As the wheels of my car crunched over the gravel drive, I paused for a split second, frozen by the magnitude of what was about to happen.
I stumbled erratically to locate the right gear, switching from third and back down to first, and eventually manically settled on neutral; my logical thought process completely stolen by the bleakness of the morning.
With my heart pounding out of my chest, the only reminder I was still alive was my small black family mobile with the backseat holding little more than an empty crisp-spattered car seat and a small bag of pathetically rolled clothes.
I don’t know how long I sat there staring at the Big Daddy oak tree. I suppose it doesn’t really matter, I was as numb to the ticking of the clock as I was to my son’s kisses.
When I did eventually manage to climb out into the cold air of the morning, I spotted a friend across the car park. She smiled kindly in my direction, and that smile changed everything.
The numbness I had so carefully cultivated over the months to protect me from the searing pain, was wiped out and destroyed by the tsunami of icy panic which engulfed me from the tip of my heart to the bottom of my toes.
‘I don’t think I can do this,’ I cried, my knees threatening to give way, my bottom lip actually shaking and wobbling as I spoke. The pain and the fear became unbearable. “I just don’t think I can do this.”
She helped me carry my bags, and with her arm around my shoulder, we crunched over the pebbles towards reception.
We both knew I had no choice.
It was the unspoken elephant between us.
I was to be admitted in to hospital or I would be dead soon.
I was told I was ‘brave’ by other patients.
You guys on here supported me in droves as I made jokes and avoided the truth about my illness, told me I would be okay.
I will never forget all the kind words, but most interestingly, one of the most poignant things I remember being told on that first day was:
‘Do not make any drastic decisions or major changes to your life while you are undergoing any kind of therapy. You shouldn’t make any decisions until the dust settles.’
I remember thinking at the time as I was being sectioned, that that was an odd thing to advise.
1 Blog, 3 tattoos, 1 Job change, 1 fiancée, 1 house on the market, and 4 vivid hair changes later, I am starting to think they may have been on to something.
“I probably should have waited for the dust to settle a little,” I laughed to my laser tattoo remover… removalist? (What is the official name for someone who removes your ill-advised inkings?)
“You think?” he asked sardonically, glancing up at me while turning the machine up to cow branding heat, as he is about to cross over the second ‘O’ of the word ‘WOO.’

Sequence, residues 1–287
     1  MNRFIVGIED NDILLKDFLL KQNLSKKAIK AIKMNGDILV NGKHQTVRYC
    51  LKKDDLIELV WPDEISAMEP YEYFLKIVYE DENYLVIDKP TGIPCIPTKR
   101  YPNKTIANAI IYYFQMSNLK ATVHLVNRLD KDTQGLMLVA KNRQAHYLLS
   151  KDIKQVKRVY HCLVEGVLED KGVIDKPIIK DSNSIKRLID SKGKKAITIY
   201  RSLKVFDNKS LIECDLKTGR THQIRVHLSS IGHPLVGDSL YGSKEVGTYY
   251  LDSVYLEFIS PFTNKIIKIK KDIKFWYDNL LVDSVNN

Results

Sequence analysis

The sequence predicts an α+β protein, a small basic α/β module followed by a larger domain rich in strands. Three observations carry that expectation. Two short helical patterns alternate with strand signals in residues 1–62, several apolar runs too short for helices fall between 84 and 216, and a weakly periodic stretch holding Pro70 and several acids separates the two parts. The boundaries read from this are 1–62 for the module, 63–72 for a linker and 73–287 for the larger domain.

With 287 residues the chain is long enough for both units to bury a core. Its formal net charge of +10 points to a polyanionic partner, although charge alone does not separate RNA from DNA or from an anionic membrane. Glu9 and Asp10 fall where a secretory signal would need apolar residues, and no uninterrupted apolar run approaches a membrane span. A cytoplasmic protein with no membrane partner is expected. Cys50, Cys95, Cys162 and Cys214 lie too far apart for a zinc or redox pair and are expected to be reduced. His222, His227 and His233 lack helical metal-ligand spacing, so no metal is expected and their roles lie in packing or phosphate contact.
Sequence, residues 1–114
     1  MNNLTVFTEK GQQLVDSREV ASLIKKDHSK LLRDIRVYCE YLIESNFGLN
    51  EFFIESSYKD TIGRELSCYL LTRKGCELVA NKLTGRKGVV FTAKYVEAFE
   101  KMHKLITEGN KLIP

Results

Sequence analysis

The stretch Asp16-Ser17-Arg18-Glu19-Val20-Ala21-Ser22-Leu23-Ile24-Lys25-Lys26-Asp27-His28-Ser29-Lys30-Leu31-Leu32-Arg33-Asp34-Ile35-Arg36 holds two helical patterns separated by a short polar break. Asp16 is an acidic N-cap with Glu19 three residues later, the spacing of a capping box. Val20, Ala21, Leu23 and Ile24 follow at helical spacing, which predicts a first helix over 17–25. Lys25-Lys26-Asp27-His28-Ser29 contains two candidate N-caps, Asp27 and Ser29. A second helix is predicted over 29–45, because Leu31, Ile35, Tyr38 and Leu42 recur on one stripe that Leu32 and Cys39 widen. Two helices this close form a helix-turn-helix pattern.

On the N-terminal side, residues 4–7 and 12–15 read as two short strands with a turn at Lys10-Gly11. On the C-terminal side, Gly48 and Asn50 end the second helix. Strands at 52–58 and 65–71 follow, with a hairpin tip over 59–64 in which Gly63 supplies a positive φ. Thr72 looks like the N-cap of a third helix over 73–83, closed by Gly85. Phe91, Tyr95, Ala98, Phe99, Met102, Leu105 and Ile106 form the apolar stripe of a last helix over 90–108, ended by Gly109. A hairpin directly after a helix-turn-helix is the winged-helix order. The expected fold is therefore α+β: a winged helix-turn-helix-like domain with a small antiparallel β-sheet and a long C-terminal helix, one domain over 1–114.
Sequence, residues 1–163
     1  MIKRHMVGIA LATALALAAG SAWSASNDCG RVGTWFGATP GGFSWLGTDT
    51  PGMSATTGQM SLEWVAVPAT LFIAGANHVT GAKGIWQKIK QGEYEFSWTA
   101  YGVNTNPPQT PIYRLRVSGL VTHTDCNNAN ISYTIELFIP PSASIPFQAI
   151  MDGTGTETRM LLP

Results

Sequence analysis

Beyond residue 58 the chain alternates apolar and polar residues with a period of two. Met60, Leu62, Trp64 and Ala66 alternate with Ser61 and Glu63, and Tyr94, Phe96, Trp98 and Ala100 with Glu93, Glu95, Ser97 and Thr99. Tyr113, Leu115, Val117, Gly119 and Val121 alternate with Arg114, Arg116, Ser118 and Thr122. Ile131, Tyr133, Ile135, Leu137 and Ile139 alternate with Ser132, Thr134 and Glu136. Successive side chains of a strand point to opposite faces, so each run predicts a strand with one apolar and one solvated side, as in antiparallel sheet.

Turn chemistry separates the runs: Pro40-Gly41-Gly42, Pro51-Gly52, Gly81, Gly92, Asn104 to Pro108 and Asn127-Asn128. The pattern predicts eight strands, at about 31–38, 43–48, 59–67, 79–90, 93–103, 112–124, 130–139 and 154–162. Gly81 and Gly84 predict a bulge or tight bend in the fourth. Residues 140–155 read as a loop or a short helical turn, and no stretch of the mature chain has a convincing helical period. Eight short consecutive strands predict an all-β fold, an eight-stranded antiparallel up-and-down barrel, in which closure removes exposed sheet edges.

“Do you know that ‘Woo,’ where I am from, means clunge?”
“Clunge?” I politely ask, my innocence about to be taken.
“Yeah,” he grunts. “Clunge…like vagina.”
I feel my eyes get incredibly wide and I stare at him.
If he wasn’t in the throws of death-gripping my wrist, I would yank my hand away and sink my head into it.
“Are you freaking serious?’ I gasp, completely and utterly panicked, sweat already forming on the back of my neck, the clamminess gripping my heart.
Oh god. My gaze lands on a tasteful painting of a tattooed Buddha woman with twelve arms, but I don’t actually see it, it is really just background noise accompanying my internal screaming.
‘What’s the big deal?’ he mumbles, “I am removing your WOO now…”
I look at him, but stay silent for a long while, digesting this horrific news.
“I call my blog Mammy FREAKING Woo!’ I exclaim.
He stops what he is doing and slowly lifts his eyes to meet mine.
‘So your blog, that everyone likes and reads, the thing you are really proud of…wait, wait, the blog you won awards for…is called Mammy Vagina?” He tries to stop smiling but fails miserably, and in the end, finishes with a big grin.
I sat frozen in time once more, and watched as he threw his head back in laughter. In an extremely loud voice, he told the rest of the tattoo parlor that my blog name was Mummy CLUNGE.
“Is it a porn blog?” asked a bearded man whose face I couldn’t see through all the body art.
I can’t remember if I responded. The part of my mind that blocks out all unwanted memories grabbed hold of it and I… what was I talking about?
All I could think of on the way home was the day I drove into the hospital and seemingly lost my ability to make sound decisions or listen to good advice.
I know in my heart that nothing will ever feel as mind-numbingly horrific as that moment when the orderly forcefully removed my car keys from my possession and took away my ability to escape.
How I missed my baby for weeks on end.
How I howled into the dark; my heart torn and ragged, with nobody but a faceless nurse checking I wasn’t dead every 15 minutes.
How I wanted to cease to exist.
Nothing will ever be as truly awful as those dark, lonely and misunderstood days. But if I am being honest, it was you guys that got me through it, supported me, listened to me, and never, ever left me for even one moment to think I wasn’t worth life.
It was you guys who told me it would all work out, that everything would be okay, and I should soldier on.
So for that, I thank you from the bottom of my heart.
Now if you don’t mind, I need you to do it all again.
Oh my god.
This does not bode well.
From now on, can this PLEASE just be the unspoken elephant between us?
No one can make you feel inadequate unless you let them.
A day without laughter is a day wasted.
You do not have to be blood related to be family.
If you have nothing nice to say, see a therapist.
How people treat you is their Karma, how you react is yours.
Call if you need me.